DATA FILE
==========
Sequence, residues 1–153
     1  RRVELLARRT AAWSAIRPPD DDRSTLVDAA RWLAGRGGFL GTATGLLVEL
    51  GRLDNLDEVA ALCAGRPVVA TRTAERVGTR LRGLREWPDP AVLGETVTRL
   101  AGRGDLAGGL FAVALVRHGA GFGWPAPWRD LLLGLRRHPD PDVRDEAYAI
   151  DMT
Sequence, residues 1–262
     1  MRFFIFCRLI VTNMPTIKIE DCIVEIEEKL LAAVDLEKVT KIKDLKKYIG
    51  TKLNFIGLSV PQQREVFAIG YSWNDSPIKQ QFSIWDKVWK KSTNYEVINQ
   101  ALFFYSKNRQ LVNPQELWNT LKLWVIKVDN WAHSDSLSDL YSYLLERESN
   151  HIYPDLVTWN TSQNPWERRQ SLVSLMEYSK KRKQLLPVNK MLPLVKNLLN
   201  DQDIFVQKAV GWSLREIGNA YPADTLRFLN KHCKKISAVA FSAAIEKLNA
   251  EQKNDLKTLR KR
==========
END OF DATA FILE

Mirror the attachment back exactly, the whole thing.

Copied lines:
Sequence, residues 1–153
     1  RRVELLARRT AAWSAIRPPD DDRSTLVDAA RWLAGRGGFL GTATGLLVEL
    51  GRLDNLDEVA ALCAGRPVVA TRTAERVGTR LRGLREWPDP AVLGETVTRL
   101  AGRGDLAGGL FAVALVRHGA GFGWPAPWRD LLLGLRRHPD PDVRDEAYAI
   151  DMT
Sequence, residues 1–262
     1  MRFFIFCRLI VTNMPTIKIE DCIVEIEEKL LAAVDLEKVT KIKDLKKYIG
    51  TKLNFIGLSV PQQREVFAIG YSWNDSPIKQ QFSIWDKVWK KSTNYEVINQ
   101  ALFFYSKNRQ LVNPQELWNT LKLWVIKVDN WAHSDSLSDL YSYLLERESN
   151  HIYPDLVTWN TSQNPWERRQ SLVSLMEYSK KRKQLLPVNK MLPLVKNLLN
   201  DQDIFVQKAV GWSLREIGNA YPADTLRFLN KHCKKISAVA FSAAIEKLNA
   251  EQKNDLKTLR KR